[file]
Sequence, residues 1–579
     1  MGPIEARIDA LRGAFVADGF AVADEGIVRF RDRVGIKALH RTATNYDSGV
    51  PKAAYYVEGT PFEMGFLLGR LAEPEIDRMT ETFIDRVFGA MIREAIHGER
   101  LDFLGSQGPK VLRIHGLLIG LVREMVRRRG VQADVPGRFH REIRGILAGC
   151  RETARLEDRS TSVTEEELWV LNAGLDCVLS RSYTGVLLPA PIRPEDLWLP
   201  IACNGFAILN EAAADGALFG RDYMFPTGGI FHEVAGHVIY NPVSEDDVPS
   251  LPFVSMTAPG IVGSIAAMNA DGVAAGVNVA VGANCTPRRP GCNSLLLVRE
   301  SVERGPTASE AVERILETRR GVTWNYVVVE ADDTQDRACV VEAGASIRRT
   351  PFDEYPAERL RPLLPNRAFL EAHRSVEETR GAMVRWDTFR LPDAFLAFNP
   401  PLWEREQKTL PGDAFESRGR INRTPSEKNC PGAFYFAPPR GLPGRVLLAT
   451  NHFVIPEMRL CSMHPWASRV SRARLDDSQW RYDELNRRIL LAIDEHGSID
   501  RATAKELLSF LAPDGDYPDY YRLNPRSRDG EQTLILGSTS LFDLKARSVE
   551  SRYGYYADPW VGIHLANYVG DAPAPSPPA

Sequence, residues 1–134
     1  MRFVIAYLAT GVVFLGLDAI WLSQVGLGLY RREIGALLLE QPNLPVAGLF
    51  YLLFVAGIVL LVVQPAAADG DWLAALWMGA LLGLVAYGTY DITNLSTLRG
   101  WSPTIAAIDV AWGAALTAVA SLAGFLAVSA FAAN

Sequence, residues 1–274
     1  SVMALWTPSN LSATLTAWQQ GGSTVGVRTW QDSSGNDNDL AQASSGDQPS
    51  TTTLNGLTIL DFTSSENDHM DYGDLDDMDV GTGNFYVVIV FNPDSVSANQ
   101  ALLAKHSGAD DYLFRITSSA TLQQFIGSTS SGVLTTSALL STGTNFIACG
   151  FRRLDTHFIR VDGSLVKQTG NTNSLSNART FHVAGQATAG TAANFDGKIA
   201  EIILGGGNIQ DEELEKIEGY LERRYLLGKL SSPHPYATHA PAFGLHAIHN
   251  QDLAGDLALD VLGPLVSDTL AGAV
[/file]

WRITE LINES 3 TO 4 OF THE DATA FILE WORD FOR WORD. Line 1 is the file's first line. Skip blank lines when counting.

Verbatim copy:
    51  PKAAYYVEGT PFEMGFLLGR LAEPEIDRMT ETFIDRVFGA MIREAIHGER
   101  LDFLGSQGPK VLRIHGLLIG LVREMVRRRG VQADVPGRFH REIRGILAGC